As a West Linn cosmetic dentist, Dr. Dugger understands just how difficult it can be for patients to maintain the appearance of their teeth. From the enamel staining foods and drink we consume daily to the effects of tooth decay and gum disease, maintaining a brilliantly bright and healthy looking smile can be a real challenge. That’s why it’s so important to minimize the problems that can damage our oral health without us even realizing it. One such common condition is teeth grinding.
When teeth grinding, or bruxism, occurs on a regular basis, the condition can damage the health of our teeth and cause other problems to develop. While teeth grinding can be the result of anxiety and stress, it often occurs while a person is asleep, and is usually caused by crooked teeth, an abnormal bite, or by a sleep condition like sleep apnea.
Because grinding usually only occurs at night, most people are completely unaware they even have a problem. This can allow grinding to occur for years until permanent damage is caused. In some extreme cases, chronic nightly grinding can result in the loosening, fracturing, or loss of teeth.
Fortunately, there are a number of steps patients can take to prevent nightly teeth grinding. If stress is the primary cause of grinding, patients should ask their doctor or Dr. Dugger about options for relieving stress. Increased exercise, stress counseling, and seeing a physical therapist are all potential options for helping to alleviate stress. Dr. Dugger can also fit patients with a mouth guard to help protect their teeth during sleep.
Tips for Preventing Teeth Grinding
There are also a number of behavioral changes patients can make to help reduce teeth grinding that include:
Cutting back on caffeine. Excess caffeine consumption, whether from coffee, soda, or sugary snacks, can cause involuntary teeth grinding. Patient who grind their teeth at night should avoid consuming any caffeine several hours before going to bed.
Avoiding alcohol. Studies have found that alcohol consumption, especially right before bed, can lead to intensified teeth grinding.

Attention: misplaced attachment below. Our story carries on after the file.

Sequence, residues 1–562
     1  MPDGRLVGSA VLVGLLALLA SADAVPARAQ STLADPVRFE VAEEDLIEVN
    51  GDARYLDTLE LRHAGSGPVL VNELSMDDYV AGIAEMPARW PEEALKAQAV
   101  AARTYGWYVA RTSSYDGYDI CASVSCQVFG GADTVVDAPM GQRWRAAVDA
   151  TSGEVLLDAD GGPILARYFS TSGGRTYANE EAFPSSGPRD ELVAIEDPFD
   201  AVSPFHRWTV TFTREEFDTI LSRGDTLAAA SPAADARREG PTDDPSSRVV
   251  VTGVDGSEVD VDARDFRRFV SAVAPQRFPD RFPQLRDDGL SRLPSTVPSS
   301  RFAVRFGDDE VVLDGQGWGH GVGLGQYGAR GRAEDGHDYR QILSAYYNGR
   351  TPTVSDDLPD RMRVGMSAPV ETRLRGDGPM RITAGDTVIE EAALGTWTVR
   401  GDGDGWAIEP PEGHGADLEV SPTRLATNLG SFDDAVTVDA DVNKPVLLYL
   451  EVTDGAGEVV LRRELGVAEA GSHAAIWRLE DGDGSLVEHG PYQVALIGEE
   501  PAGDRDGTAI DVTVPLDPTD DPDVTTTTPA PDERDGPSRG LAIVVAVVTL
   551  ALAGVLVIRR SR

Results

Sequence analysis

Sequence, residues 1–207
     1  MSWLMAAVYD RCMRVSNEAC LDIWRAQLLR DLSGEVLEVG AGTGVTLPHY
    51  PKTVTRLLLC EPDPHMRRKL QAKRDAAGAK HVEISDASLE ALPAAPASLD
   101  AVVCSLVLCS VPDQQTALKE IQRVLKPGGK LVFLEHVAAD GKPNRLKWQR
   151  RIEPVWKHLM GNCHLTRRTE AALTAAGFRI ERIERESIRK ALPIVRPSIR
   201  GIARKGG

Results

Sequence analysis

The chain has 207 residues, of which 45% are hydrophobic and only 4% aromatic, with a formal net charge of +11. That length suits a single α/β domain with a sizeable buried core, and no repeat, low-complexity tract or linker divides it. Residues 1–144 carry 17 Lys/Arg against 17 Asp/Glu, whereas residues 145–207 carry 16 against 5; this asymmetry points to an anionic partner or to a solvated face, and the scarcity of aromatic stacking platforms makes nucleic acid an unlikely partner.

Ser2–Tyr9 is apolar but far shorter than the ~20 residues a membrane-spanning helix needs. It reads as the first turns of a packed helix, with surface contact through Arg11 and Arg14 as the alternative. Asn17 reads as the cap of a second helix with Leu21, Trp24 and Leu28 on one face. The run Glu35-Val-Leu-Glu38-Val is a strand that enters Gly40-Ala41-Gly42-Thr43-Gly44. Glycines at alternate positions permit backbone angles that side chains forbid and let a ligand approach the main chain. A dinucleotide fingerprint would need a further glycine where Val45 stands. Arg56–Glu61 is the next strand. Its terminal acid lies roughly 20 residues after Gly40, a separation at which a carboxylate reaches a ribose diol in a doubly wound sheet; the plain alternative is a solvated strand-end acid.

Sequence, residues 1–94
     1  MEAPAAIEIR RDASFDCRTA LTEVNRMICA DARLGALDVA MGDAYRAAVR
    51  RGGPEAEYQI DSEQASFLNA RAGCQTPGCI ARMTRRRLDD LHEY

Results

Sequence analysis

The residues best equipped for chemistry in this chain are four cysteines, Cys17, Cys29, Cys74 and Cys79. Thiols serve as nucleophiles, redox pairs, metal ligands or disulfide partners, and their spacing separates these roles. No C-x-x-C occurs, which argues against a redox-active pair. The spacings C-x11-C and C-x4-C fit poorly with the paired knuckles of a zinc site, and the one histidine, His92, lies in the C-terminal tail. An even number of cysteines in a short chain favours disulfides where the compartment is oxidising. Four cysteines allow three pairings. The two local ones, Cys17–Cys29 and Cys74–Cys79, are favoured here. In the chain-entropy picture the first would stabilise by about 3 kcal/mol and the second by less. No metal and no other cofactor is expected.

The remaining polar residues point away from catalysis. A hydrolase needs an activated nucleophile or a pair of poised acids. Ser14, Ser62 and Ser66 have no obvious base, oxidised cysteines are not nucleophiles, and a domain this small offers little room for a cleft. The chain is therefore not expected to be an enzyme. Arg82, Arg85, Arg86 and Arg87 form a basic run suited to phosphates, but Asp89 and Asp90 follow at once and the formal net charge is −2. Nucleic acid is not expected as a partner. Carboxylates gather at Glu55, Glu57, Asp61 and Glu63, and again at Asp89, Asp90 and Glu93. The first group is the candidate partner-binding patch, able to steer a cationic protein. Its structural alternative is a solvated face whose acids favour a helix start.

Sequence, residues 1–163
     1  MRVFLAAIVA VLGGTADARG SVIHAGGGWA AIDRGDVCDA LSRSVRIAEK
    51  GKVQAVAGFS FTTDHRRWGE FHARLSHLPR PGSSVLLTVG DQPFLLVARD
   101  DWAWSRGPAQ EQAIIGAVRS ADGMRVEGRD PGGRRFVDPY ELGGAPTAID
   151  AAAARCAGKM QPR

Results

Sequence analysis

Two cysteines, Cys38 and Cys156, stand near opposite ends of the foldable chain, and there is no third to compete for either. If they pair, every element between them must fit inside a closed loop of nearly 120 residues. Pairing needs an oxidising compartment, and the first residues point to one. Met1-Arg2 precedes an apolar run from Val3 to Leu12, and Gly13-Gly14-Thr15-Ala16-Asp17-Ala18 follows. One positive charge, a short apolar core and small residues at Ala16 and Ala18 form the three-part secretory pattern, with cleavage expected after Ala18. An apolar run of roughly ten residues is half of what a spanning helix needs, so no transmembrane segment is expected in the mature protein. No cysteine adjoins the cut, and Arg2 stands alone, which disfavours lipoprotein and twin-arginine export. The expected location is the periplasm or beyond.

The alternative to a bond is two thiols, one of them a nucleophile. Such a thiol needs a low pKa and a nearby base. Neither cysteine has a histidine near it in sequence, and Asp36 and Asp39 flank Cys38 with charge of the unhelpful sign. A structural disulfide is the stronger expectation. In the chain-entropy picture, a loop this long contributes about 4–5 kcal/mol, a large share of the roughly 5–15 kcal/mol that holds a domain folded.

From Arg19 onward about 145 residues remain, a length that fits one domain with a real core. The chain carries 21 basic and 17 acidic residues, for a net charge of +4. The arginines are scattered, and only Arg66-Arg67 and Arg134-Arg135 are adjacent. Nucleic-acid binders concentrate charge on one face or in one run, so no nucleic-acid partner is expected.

Examine your medication. A number of common prescription medications, such as those to treat ADHD and some sleep disorders, contain amphetamines that can trigger teeth grinding. Patients are advised to understand the prescription medications they take and to potentially talk with their doctor about going to lower dosage of amphetamine if grinding does not improve.
Avoid unconscious chewing habits. Muscle memory occurs whenever a certain muscle is repeatedly used in the same way, thereby training the muscle to repeat the movement. While this is great if a major league pitcher or basketball player, it can cause real havoc if conditioning jaw muscles to grind. It’s important then to avoid chewing gum or anything that’s not food, such as a pen or pencil, as these habits cause a patient’s jaw muscle to become more used to clenching, making grinding more likely.
Practice relaxing your jaw. Patients who notice themselves clenching during the day should try practicing certain exercise to help relax the jaw muscles. To help relax the jaw, try placing the tip of the tongue between your teeth.
Relax the jaw muscles before bed. To help jaw muscles unwind from a stressful day, gently press a warm washcloth against the cheek in front of the earlobe. Keep the cloth in position for one to two minutes before switching sides.
Your West Linn Cosmetic Dentist Can Help
If you suffer from nightly teeth grinding, Dr. Dugger can help. Since teeth grinding typically only occurs at night, it can be difficult for patients to determine whether their oral health is in danger from grinding. By scheduling an exam, Dr. Dugger can identify the signs of grinding and provide treatment options that can help you alleviate this problem.
Don’t let the appearance of your smile become damaged due to an unseen oral health issue like teeth grinding. Contact our office for an appointment and consultation with Dr. Dugger today.